3. Waffle Rubber Padding: Waffle rubber padding offers good support and resilience, making it suitable for high-traffic areas.
  4. Fiber Cushion Padding: Fiber cushion padding is made from natural or synthetic fibers and provides a firm support for the carpet.
  5. Rubber Padding: Rubber padding is durable and resistant to moisture, making it suitable for areas prone to moisture.

When choosing carpet underlayment, consider factors such as the carpet type, traffic levels, moisture resistance, and comfort requirements. It’s also important to follow the carpet manufacturer’s recommendations for underlayment to ensure proper installation and performance of the carpet.

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What is the best material to use for underlayment?

How thick should plywood underlayment be?

The thickness of plywood underlayment typically depends on the type of flooring being installed and the condition of the subfloor. Here are some general guidelines:

  1. Laminate Flooring: For laminate flooring, a plywood underlayment thickness of 1/4 inch to 3/8 inch is usually sufficient. It provides a smooth surface and helps to cushion the flooring.
  2. Vinyl Flooring: For vinyl sheet or vinyl tile flooring, a 1/4 inch thick plywood underlayment is common. This helps to ensure a smooth, defect-free surface that won’t telegraph imperfections from the subfloor.
  3. Hardwood and Engineered Wood Flooring: For hardwood or engineered wood flooring, the plywood underlayment might range from 3/8 inch to 1/2 inch thick. This provides a solid and stable base that can support the weight of the wood flooring.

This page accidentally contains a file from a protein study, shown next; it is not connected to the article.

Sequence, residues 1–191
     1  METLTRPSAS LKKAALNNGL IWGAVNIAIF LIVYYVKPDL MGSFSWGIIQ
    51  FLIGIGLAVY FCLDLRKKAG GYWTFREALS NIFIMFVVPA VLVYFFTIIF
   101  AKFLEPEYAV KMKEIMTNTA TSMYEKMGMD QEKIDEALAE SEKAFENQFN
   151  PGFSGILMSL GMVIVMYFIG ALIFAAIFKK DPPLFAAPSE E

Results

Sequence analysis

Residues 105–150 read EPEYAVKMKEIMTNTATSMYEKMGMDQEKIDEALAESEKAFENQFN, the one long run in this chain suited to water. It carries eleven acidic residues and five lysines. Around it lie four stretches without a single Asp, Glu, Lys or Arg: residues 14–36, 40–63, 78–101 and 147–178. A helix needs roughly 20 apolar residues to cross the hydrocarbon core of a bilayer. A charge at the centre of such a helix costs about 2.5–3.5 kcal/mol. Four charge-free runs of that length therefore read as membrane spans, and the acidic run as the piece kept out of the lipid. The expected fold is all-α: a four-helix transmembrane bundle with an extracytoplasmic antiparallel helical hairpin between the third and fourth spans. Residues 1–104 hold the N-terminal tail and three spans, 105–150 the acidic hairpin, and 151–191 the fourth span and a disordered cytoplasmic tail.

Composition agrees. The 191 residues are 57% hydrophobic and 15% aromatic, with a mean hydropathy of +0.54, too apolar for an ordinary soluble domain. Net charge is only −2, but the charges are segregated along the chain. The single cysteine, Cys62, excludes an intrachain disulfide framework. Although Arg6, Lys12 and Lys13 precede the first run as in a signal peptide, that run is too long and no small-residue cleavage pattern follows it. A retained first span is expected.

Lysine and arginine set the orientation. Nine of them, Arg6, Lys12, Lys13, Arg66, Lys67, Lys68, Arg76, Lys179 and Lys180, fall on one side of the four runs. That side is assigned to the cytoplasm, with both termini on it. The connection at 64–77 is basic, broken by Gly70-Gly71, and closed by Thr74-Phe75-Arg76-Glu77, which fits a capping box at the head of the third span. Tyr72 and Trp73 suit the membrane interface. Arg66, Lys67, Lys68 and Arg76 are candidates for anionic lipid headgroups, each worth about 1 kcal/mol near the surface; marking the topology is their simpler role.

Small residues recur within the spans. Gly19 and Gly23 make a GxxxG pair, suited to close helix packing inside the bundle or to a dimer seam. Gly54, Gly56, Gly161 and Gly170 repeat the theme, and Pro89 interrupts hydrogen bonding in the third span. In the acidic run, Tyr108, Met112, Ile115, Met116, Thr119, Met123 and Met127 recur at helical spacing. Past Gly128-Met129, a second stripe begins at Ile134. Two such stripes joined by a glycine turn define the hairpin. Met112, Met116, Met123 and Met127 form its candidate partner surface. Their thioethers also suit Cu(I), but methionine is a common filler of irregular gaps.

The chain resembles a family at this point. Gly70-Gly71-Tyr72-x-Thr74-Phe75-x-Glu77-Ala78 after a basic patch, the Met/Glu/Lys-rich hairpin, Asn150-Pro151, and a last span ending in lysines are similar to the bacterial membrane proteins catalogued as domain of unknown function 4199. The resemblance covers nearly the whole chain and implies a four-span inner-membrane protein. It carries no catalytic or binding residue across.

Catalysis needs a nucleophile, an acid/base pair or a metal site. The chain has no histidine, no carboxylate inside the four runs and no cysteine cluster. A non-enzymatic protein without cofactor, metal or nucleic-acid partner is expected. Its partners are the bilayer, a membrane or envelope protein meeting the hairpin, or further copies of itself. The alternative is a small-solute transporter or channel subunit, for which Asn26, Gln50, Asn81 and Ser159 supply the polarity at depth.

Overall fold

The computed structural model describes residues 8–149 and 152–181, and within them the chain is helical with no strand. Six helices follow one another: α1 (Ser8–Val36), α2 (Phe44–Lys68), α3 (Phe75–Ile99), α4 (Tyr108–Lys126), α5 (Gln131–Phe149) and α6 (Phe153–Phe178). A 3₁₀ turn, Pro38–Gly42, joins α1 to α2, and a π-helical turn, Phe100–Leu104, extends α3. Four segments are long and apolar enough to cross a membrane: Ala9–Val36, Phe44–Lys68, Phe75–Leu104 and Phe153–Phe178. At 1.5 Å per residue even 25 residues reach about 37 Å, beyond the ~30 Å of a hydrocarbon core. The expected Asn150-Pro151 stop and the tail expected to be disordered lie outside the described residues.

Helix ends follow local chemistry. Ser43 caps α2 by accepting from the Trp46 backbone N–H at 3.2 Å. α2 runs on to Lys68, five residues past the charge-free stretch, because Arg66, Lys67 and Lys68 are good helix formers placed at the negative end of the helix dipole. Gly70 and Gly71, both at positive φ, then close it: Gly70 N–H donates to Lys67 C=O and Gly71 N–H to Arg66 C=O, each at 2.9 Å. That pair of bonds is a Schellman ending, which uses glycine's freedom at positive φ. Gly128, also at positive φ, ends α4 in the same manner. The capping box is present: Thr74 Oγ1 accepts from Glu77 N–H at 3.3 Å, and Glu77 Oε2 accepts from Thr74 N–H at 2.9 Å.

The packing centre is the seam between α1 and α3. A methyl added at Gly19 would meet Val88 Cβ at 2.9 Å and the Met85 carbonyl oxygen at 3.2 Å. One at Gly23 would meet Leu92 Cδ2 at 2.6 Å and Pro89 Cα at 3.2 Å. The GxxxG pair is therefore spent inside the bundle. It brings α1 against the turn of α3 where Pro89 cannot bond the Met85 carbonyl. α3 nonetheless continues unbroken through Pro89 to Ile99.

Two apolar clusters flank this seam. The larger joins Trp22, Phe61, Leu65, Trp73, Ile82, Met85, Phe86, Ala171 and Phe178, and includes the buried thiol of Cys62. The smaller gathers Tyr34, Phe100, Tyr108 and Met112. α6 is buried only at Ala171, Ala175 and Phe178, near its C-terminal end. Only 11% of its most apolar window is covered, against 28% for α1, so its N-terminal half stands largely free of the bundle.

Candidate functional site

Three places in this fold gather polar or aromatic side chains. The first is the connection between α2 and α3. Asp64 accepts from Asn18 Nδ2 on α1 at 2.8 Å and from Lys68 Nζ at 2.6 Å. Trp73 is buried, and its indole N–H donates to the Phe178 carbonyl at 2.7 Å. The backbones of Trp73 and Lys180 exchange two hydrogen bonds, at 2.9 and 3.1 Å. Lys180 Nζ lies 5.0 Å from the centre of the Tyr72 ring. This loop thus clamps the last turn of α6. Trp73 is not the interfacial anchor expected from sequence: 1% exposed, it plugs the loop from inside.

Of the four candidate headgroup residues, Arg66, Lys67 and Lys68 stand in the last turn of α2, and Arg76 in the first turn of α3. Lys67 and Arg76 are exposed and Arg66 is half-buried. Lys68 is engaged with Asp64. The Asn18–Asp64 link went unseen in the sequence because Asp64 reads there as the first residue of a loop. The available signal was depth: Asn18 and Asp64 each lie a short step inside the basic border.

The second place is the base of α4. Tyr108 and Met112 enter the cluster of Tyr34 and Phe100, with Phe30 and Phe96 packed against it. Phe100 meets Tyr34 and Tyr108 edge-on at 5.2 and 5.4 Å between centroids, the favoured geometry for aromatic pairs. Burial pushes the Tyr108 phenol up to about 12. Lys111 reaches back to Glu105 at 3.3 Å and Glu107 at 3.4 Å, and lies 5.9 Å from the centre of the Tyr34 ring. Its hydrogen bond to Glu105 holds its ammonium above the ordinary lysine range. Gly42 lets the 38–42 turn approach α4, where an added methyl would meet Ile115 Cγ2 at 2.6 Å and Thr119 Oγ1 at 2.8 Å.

4. Tile Flooring: When installing tile, a thicker underlayment is needed to provide stability and prevent cracking. Cement board or a similar underlayment is typically used, but if plywood is used as an additional layer, it should generally be at least 1/2 inch thick.
  5. Condition of Subfloor: If the subfloor has significant imperfections or is not level, a thicker underlayment might be necessary to create a smooth surface.
Underlayment in the corner
Underlayment in the corner

Can I use regular plywood for underlayment?

Using regular plywood for underlayment is possible, but it may not provide the best results compared to specially designed underlayment plywood. Here are some considerations:

  1. Smoothness: Underlayment plywood is typically sanded to be smooth and free of voids or imperfections. Regular plywood may have surface defects that could telegraph through thinner flooring materials like vinyl or laminate.
  2. Moisture Resistance: Underlayment plywood often has better moisture resistance properties compared to regular plywood, which helps prevent warping or swelling when exposed to moisture.
  3. Thickness and Stability: Underlayment plywood is manufactured to provide a stable and even base. Regular plywood might not offer the same level of stability, particularly in thinner sheets.
  4. Adhesive Compatibility: Some flooring types require adhesive for installation, and underlayment plywood is designed to work well with these adhesives. Regular plywood might not adhere as effectively.

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Should you nail or screw plywood underlayment?

For securing plywood underlayment, both nails and screws can be used, but screws are generally preferred:

  • Screws: Provide a more secure and stable hold, reducing the risk of movement over time.
  • Nails: Can be used, but may not offer the same level of security and might lead to squeaking floors.

Does plywood underlayment need to be glued down?

Gluing down plywood underlayment is not always necessary, but it can add stability and reduce movement:

  • With Glue: Provides a stronger bond, ideal for high-traffic areas.
  • Without Glue: Still effective, especially when using screws or nails properly.

Does plywood underlayment need gaps?

Yes, plywood underlayment should have small gaps, typically 1/8 inch, between sheets to allow for expansion and contraction due to changes in humidity and temperature. This prevents buckling and other issues over time.


Selecting the right plywood underlayment and installing it correctly is essential for achieving a high-quality, long-lasting floor. Consider the type of plywood, the necessity of underlayment, its water resistance, appropriate thickness, and proper installation techniques to ensure the best results for your flooring project. By following this comprehensive guide, you’ll be well-equipped to make the right choices for your home or commercial space.